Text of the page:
|EP0717113A2||20 Oct 1995||19 Jun 1996||Affymax Technologies N.V.||Computer-aided visualization and analysis system for nucleic acid sequence evaluation|
|EP0848067A2||11 Dec 1997||17 Jun 1998||Affymetrix, Inc.||Computer-aided techniques for analyzing biological sequences|
|WO1989011548A1||18 May 1989||30 Nov 1989||Cetus Corp||Immobilized sequence-specific probes|
|WO1990015070A1||7 Jun 1990||13 Dec 1990||Affymax Tech Nv||Very large scale immobilized peptide synthesis|
|WO1992010092A1||20 Nov 1991||25 Jun 1992||Affymax Tech Nv||Very large scale immobilized polymer synthesis|
|WO1992010588A1||6 Dec 1991||25 Jun 1992||Affymax Tech Nv||Sequencing by hybridization of a target nucleic acid to a matrix of defined oligonucleotides|
|WO1992022456A1||27 May 1992||23 Dec 1992||E Emmanuel Petromanolakis||Wave making energy absorber during vessel's propulsion|
|WO1995011995A1||26 Oct 1994||4 May 1995||Affymax Tech Nv||Arrays of nucleic acid probes on biological chips|
|WO1996023078A1||6 Sep 1995||1 Aug 1996||Angelo Delegeane||Computer system storing and analyzing microbiological data|
|WO1997010365A1||13 Sep 1996||20 Mar 1997||Affymax Tech Nv||Expression monitoring by hybridization to high density oligonucleotide arrays|
|WO1997017317A1||16 Oct 1996||15 May 1997||Antonio Giordani||4-phenyl-4-oxo-butanoic acid derivatives with kynurenine-3-hydroxylase inhibiting activity|
|WO1997019410A1||19 Jul 1996||29 May 1997||Advanced Micro Devices Inc||Bus arbiter including aging factor counters to dynamically vary arbitration priority|
|WO1997027317A1||22 Jan 1997||31 Jul 1997||Affymetrix Inc||Nucleic acid analysis techniques|
|WO1997029212A1||7 Feb 1997||14 Aug 1997||Affymetrix Inc||Chip-based speciation and phenotypic characterization of microorganisms|
|1||Adams et al., "Complementary DNA Sequencing: Expressed Sequence Tags and Human Genome Project", Science, 252(5013):1651-1656 (1991).|
|2||Drmanac, "Sequencing of Megabase Plus DNA by Hybridization: Theory of the Method", Genomics, 4:114-128 (1989).|
|3||Frickett et al., "Development Of A Database For Nucleotide Sequences", Mathematical Methods for DNA Sequences, CRC Press, Ed. Waterman, pp. 2-334 (1989).|
|4||Gibbs et al., "Detection of Single DNA Base Differences by Competitive Oligonucleotide Priming", Nucleic Acid Res., 17(7):2437-2448 (1989).|
|5||Guatelli et al., "Isothermal, In Vitro Amplification of Nucleic Acids by a Multienzyme Reaction Modeled After Retroviral Replication", Proc. Natl. Acad. Sci. USA, (87(5):1874-1878 (1990).|
|6||Gusella, "DNA Polymorphism and Human Disease", Annu. Rev. Biochem., 55:831-854 (1986).|
|7||Hara et al., "Subtractive cDNA Cloning Using Oligo(dT)30-Latex And PCR: Isolation Of cDNA Clones Specific To Undifferentiated Human Embryonal Carcinoma Cells", Nucleic Acid Res., 19(25):7097-7104 (1991).|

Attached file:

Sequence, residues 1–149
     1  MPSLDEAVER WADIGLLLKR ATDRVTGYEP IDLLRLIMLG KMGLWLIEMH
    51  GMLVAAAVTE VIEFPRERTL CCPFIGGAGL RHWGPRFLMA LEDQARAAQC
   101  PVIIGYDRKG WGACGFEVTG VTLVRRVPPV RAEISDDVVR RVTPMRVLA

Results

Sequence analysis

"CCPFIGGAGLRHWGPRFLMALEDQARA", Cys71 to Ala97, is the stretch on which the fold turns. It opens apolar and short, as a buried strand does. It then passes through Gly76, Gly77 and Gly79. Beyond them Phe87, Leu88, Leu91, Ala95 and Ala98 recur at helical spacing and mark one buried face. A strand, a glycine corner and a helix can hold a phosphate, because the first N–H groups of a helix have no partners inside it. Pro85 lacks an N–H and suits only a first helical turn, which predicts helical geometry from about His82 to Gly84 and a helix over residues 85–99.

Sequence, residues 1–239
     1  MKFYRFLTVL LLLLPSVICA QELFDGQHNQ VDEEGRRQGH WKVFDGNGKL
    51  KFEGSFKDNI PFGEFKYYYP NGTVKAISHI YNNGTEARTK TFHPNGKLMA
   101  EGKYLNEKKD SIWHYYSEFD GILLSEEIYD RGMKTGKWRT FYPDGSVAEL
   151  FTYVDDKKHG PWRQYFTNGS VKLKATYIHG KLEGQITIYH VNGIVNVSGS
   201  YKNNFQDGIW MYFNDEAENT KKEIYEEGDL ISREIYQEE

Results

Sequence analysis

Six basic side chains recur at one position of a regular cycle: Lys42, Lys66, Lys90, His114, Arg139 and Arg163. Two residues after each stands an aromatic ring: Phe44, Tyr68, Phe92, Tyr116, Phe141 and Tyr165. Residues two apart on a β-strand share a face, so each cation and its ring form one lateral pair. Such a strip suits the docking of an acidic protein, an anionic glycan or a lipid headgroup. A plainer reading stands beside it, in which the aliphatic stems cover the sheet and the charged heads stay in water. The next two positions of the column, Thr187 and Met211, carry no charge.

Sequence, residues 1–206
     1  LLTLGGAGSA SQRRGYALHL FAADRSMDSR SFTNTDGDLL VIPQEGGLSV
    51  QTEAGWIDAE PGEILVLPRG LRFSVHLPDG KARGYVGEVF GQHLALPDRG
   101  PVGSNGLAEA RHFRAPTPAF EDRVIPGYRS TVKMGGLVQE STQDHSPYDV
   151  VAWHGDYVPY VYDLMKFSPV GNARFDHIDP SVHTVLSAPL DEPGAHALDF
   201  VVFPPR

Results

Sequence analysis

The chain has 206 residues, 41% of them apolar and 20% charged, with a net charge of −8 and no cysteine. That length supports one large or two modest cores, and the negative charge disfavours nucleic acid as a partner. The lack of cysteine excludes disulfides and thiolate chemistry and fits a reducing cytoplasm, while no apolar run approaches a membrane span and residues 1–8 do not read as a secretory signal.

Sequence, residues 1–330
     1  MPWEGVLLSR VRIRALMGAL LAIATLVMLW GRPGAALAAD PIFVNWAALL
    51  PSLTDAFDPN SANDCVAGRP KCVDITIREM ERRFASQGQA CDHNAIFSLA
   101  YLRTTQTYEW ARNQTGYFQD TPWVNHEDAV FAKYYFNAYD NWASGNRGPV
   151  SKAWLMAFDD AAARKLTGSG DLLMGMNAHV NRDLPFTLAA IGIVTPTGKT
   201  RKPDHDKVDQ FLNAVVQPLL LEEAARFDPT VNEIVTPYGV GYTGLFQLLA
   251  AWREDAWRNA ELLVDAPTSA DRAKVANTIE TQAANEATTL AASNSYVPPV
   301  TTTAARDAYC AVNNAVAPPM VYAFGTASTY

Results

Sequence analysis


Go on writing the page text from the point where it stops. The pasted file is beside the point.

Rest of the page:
|8||IntelliGenetics Suite (TM), Release 5.4, Advancing Training Manual, Jan. 1993, published by IntelliGenetics, Inc., 700 East El Camino Real, Mountain View, California 94040, USA, pp. (1-6)-(1-19) and (2-9)-(2-14), see entire document.|
|9||Khan et al., "Single Pass Sequencing And Physical And Genetic Mapping Of Human Brain cDNAs", Nat. Genet., 2(3):180-185 (1992).|
|10||Kwoh et al., "Transcription-Based Amplification System and Detection of Amplified Human Immunodeficiency Virus Type 1 With a Bead-Based Sandwich Hybridization Format", Proc. Natl. Acad. Sci. USA, 86(4):1173-1177.|
|11||Landegren et al., "A Ligase-Mediated Gene Detection Technique", Science, 241(4869):1077-1080 (1988).|
|12||Matsubara et al., "Identification Of New Genes By Systematic Analysis Of cDNAs And Database Construction", Curr. Opin. Biotechol., 4(6):672-677 (1993).|
|13||Mattila et al., "Fidelity of DNA Synthesis by the Thermococcus litoralis DNA Polymerase-An Extremely Heat Stable Enzyme With Proofreading Activity", Nucleic Acids Res., 19(18):4967-4973 (1991).|
|14||Mattila et al., "Fidelity of DNA Synthesis by the Thermococcus litoralis DNA Polymerase—An Extremely Heat Stable Enzyme With Proofreading Activity", Nucleic Acids Res., 19(18):4967-4973 (1991).|
|15||Okubo et al., "Large Scale cDNA Sequencing for Analysis of Quantitative and Qualitiative Aspects of Gene Expression", Nature Genetics, 2(3):173-179 (1993).|
|16||Orita et al., "Detection of Polymorphisms of Human DNA by Gel Electrophoresis as Single-Strand Conformation Polymorphisms", Proc. Natl. Acad. Sci. USA, 86(8):2766-2770 (1989).|
|17||PR Newswire, "Gene Logic to Use Affymetrix GeneChip Arrays to Build Gene Expression Database Products", (1999).|